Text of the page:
Using FCP X for Digital Storytelling

Past years I’ve worked with French Faculty with students who were tasked with creating digital storybooks. (For more on the pedagogical goals of this project, I invite you to read Digital Storytelling in Intermediate French.) Early in the fall, I met with Tom Parker and Mark Andrews to discuss their classes’ projects. In small groups, the students compose and illustrate children’s storybooks in French, which they scan and narrate. Previously we’d uploaded the images to VoiceThread and done the recordings via their online Flash interface. Students were able to upload and record easily enough, but I found other aspects of VoiceThread lacking (editing, layering audio, search, embedding, restrictive licensing, to name a few). FCP might be harder to learn, but once learned, they would have total flexibility on how they created their projects and they would have a skill that might be used for another project or life after college. Tom and Mark were amenable to the idea so we tried it out.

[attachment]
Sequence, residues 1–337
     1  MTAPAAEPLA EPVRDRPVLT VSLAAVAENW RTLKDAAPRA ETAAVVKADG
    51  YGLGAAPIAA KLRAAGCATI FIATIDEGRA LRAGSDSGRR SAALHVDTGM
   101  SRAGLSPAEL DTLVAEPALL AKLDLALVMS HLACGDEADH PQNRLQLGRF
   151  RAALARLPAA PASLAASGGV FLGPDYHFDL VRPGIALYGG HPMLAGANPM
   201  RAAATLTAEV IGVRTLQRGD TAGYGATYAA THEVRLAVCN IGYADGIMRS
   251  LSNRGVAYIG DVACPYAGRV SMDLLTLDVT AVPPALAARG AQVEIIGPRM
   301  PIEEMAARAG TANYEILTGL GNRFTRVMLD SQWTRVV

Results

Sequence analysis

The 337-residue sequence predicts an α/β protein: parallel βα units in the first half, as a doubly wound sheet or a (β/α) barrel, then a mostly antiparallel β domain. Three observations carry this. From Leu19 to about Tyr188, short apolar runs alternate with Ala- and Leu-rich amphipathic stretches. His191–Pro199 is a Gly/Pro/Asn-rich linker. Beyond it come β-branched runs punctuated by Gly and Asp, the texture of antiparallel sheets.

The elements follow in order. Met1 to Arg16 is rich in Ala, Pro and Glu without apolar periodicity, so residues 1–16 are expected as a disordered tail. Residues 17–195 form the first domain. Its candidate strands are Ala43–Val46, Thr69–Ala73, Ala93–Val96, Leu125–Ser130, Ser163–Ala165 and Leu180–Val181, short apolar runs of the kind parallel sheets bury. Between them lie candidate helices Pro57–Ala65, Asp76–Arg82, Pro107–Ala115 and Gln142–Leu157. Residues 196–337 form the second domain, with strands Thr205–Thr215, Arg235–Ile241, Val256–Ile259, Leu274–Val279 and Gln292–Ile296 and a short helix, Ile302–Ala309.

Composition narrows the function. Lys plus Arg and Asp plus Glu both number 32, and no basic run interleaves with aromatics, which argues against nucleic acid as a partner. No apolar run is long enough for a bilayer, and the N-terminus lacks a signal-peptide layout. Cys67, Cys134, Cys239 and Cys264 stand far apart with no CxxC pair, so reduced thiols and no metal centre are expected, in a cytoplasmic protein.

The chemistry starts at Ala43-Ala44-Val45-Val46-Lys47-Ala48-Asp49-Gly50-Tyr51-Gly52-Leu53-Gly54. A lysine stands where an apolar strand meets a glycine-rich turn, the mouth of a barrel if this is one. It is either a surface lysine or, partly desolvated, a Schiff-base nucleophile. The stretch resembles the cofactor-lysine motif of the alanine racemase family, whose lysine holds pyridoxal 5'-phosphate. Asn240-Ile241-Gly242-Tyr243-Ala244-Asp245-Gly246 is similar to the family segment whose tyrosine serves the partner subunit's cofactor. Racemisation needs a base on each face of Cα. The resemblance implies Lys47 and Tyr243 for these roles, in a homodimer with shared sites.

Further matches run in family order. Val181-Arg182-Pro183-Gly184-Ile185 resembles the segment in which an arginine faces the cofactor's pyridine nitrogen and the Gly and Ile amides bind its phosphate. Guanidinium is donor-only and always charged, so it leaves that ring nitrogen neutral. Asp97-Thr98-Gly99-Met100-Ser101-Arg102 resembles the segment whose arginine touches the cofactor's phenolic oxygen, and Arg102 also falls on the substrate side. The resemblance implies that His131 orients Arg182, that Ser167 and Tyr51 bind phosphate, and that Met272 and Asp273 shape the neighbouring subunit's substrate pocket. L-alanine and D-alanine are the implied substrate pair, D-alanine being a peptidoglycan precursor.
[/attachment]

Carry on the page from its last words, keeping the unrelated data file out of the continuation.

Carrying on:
I only had an hour with the students so it was a bit of a challenge to cover the essentials in such a short period. Luckily, their projects only required them to import their scanned storybook pages into FCP X, then record narration. We spent a fair amount of time doing practice narration. We touched briefly on titles, incorporating sounds and music, and exporting. Students that had brought scans of all of their storybook pages were able to get a significant amount of work done during the workshop. One of the classes was able to have a follow-up workshop where I was able to work with each group, advising and troubleshooting. This was extremely valuable and I wish we had been able to schedule this for both classes. Generally speaking, students adapted well to FCP X and were quite successful. I don’t think I would have been confident enough to use FCP 7 in the same way. Here is an example:

I liked how they were able to incorporate both their narration and some sound effects. The use of titles, music and end credits added a bit of polish too. I should add that most of the students I work with have little to no experience with video or sound editing.